OPINION: POTUS vs. U.S. Attorney General
By Stephanie Sawaked
President Trump wastes no time to let the world know, in true Trump fashion via Twitter, just how he really feels about the man he hired to uphold the law.
Let us rewind to a time before Trump was in position – his main campaign promise was to drain the swamp that filled Congress and to investigate Hillary Clinton’s email scandal and lock her up in prison. Surprisingly, the promise became a campaign staple and many Americans trusted Trump would do just that and gained votes. When Trump was elected to office and began his “swamp-draining”, then Senator Sessions was a controversial pick as Attorney General.
Trump has been no stranger to the FBI lately, starting with the firing of former FBI Director, James Comey for his handling of the Russia investigation which has spiraled into what Trump refers to as a witch hunt and a hoax. However, Sessions, maybe reluctantly, agreed to testify in public about his role in the administration and the amount of times he was in contact with Russia’s ambassador to the U.S. when the Russia probe began and possibly his role in the firing of Comey.
Tensions quickly began boiling over about Sessions recusing himself from the investigation, to which Trump responded to the New York Times report saying, “If he was going to recuse himself he should have told me before he took the job and I would have picked somebody else.” And to further explain Trump’s disappointment, he went on a 10-part tirade, expressing the “VERY weak position on Hillary Clinton crimes” Sessions took, according to one of the 10 tweets.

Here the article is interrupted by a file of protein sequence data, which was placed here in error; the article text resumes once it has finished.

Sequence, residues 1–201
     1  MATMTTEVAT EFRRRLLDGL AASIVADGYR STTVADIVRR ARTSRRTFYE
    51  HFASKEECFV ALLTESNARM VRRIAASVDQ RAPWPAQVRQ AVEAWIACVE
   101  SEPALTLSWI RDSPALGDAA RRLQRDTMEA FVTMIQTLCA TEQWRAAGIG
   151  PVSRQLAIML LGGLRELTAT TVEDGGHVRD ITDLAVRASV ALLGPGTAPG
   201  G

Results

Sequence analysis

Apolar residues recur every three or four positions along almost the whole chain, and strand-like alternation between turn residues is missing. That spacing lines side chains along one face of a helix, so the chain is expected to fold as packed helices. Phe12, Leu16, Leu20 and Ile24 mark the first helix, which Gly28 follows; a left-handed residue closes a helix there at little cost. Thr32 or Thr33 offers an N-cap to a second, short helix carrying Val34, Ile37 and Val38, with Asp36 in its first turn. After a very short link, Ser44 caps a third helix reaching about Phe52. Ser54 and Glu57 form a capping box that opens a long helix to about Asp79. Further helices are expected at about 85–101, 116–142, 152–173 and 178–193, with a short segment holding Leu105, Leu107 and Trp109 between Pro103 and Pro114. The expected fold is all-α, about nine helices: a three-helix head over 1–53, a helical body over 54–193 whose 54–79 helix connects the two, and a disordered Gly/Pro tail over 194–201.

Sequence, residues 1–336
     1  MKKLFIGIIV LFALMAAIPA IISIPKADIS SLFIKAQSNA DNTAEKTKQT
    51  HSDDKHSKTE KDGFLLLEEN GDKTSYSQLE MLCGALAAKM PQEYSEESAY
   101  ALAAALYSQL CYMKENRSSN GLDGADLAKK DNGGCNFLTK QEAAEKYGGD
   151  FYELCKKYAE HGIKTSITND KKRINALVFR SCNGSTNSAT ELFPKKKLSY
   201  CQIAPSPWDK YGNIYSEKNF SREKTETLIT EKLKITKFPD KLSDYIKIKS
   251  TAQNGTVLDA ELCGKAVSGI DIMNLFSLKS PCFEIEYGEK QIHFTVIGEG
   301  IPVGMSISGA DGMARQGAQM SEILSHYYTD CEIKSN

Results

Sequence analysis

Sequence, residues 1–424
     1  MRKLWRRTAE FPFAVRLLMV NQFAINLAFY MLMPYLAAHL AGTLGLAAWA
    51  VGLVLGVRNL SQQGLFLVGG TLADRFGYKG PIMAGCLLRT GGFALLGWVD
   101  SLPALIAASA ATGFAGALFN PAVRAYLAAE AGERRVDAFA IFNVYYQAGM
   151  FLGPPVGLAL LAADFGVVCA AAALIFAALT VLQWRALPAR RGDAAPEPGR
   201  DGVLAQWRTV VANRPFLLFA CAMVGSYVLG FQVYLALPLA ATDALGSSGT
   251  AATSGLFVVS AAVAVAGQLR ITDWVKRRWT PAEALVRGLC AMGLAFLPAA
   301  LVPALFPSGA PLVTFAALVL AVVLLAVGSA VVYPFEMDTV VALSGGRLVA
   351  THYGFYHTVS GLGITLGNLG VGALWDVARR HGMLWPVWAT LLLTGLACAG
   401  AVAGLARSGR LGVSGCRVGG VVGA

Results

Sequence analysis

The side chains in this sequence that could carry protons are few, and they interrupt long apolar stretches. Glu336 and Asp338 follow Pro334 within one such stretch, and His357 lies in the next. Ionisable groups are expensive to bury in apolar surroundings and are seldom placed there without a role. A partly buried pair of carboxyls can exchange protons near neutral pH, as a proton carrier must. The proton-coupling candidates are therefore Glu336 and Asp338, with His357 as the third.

In light of the Trump’s comments blasting Sessions’, colleagues have come to Sessions’ defense. Senator Chuck Grassley of Iowa said, “no one was more qualified to carry out all the president’s goals of law enforcement” than Sessions.
Senator Lindsey Graham from South Carolina also took to Twitter to express his concern with Trump’s latest statements calling them “highly inappropriate” and stating that “Prosecutorial decisions should be based on applying facts to the law without hint of political motivation” and finally, claiming “Jeff Sessions is one of the most decent people I’ve ever met in my political life.”
So, where does this leave Sessions? When reporters asked Trump on whether Sessions plans to resign, he responded with the ever-classic eye roll. In an interview with NBC News, newly hired White House Communications Director, Anthony Scaramucci told Hugh Hewitt, “If there’s this level of tension in the relationship that, that’s public, you’re probably right,” when asked if it was “clear that the president wants Sessions gone.”
White House Counselor Kellyanne Conway’s only comment was that it was up to the President to decide the future of Sessions’ career as Attorney General.
The views and opinions expressed in this article are solely those of the author and do not necessarily reflect those of The Carolinian, the University of South Carolina Upstate, or any affiliated institutions.
Stephanie Sawaked is a writer for The Carolinian. Email Stephanie with questions and comments.